Living in: Great cities for outdoor adventures
Adrenaline seekers and nature lovers alike will find something to love in these cities, all of which are located in or near some of the planet’s finest wildernesses. They are places where locals generally love being waist-deep in powder or flinging themselves off a canyon rim whenever the notion takes them. Not surprisingly, many of these destinations also rate highly on lists of the world’s most liveable cities, which credit their proximity to the great outdoors and the active lifestyle their residents enjoy.
Vancouver, British Columbia
This Canadian city is a playground for those who love the outdoors, with its superb waterfront and 30km of beaches backed by snow-capped peaks and verdant forests. In winter, there is excellent downhill and cross-country skiing on the nearby peaks of Grouse Mountain, Cypress Mountain and Mount Seymour, and the world-class skiing resort Whistler Blackcomb is only a 115km drive north. Halfway between Whistler and Vancouver, the town of Squamish is a favourite with mountain climbers, and mountain bikers love the rainforest trails of Vancouver’s North Shore area. Across the Strait of Georgia, Vancouver Island is a top spot for bear spotting and whale watching, and the island’s Tofino district, close to Pacific Rim National Park Reserve, is a beloved spot for surfers.
North Vancouver, the wider North Shore area and the West Vancouver district are very desirable for families. “If you are an outdoorsy type, you want the North Shore of Vancouver, [which has] skiing in winter, and in summer lots of ziplining and mountain biking,” said Sandra Wyant, president of the Real Estate Board of Greater Vancouver. About 45km east of the city, the town of Maple Ridge is home to Golden Ears Provincial Park and the stunning Alouette Lake, great for hiking, horseback riding, canoeing and windsurfing. A two-bedroom condo in North Vancouver sells for around 840,000 Canadian dollars and houses can reach into the millions, while a similar property in Maple Ridge goes for C$230,000 and a single-family home costs around C$360,000. A two-bedroom flat in the city rents for about C$1,850.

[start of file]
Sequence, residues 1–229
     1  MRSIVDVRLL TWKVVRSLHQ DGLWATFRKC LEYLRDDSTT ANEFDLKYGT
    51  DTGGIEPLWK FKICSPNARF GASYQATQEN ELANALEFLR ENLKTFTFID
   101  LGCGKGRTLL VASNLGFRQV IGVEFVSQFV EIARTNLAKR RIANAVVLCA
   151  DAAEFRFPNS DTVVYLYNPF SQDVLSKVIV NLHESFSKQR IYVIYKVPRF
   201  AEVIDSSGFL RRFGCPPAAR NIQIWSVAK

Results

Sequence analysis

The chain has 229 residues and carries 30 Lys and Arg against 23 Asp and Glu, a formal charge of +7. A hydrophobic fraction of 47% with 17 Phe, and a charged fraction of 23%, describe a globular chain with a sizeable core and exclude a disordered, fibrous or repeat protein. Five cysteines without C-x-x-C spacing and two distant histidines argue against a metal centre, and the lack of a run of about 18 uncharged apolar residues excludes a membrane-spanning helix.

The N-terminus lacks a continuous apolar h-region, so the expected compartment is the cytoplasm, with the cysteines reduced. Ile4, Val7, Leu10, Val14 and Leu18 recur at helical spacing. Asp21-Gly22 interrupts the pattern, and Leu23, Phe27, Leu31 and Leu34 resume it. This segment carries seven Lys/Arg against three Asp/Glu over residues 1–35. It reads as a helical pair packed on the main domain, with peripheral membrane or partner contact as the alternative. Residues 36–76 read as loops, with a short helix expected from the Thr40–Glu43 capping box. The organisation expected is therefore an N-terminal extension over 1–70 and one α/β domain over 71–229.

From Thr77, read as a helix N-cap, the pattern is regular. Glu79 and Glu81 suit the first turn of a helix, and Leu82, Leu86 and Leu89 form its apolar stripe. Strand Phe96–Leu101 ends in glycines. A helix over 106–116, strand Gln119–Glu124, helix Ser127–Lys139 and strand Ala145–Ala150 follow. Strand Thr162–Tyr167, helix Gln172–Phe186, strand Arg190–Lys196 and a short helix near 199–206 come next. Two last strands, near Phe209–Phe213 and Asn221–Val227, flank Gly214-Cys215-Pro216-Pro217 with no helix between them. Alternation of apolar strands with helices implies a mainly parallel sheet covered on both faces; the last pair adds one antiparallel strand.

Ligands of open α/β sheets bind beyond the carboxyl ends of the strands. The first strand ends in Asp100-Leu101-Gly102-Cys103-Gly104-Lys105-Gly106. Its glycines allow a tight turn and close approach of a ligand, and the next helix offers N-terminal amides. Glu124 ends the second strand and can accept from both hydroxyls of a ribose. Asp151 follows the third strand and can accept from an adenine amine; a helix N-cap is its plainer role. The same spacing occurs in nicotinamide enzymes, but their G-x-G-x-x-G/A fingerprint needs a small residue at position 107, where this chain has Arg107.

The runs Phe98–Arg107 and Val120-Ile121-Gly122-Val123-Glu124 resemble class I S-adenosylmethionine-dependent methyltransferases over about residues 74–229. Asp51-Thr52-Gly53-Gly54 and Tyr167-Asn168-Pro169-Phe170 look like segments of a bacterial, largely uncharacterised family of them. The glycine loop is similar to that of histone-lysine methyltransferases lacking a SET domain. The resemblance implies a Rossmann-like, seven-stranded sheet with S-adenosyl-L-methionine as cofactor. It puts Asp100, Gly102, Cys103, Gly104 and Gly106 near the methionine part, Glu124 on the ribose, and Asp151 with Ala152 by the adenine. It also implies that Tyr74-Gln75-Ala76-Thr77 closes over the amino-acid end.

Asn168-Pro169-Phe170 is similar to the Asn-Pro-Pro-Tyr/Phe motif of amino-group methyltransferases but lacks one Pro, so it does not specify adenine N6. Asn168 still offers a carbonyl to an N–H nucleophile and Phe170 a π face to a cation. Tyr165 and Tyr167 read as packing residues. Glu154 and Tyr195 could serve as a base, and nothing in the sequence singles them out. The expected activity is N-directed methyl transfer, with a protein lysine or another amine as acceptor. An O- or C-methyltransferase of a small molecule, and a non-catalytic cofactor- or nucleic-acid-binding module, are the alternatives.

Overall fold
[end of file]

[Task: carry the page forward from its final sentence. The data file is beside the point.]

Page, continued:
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Cape Town, South Africa
Cape Town’s blessed natural setting between sweeping beaches and forest-covered mountains means almost any outdoor sport is within reach. The Atlantic and Indian Oceans on either side of Cape Point attract world-class surfers who are looking to conquer the pipeline. Up on Table Mountain, there are endless hiking trails and opportunities for winter skiing and kloofing (canyoning through river gorges). Adrenaline lovers can get their juices flowing by skydiving from 3,000m, abseiling down Table Mountain or cage diving in False Bay, which is one of the world’s top places to see a great white shark.
Cape Town attracts buyers who are looking for a particular lifestyle. “Most of our buyers are from the UK and Germany,” said Lanice Steward, managing director of Anne Porter Properties. “Cape Town offers surfing and mountain biking and there is a strong set of buyers who enjoy horseback riding.” The large homes and luxury apartments in the popular west coast enclaves of Atlantic Seaboard, such as Bantry Bay and Llandudno, are perennially in demand, and nearby Hout Bay has horse farms and sea views. The southern suburbs of Constantia, Bishopscourt, Newlands, Claremont and Rondebosch are also very desirable. “It’s a suburban lifestyle with good schools that still allows you to be on Table Mountain in a few minutes,” Steward said. A more rural setting can be found in the towns of Somerset West on False Bay and Franschoek, nestled in a green valley in the Winelands, about 45km and 75km east from Cape Town respectively. The average rent of a two-bedroom property in the desirable southern suburbs and the Atlantic Seaboard is 30,000 to 35,000 rand per month, while the average price of a house is five million rand.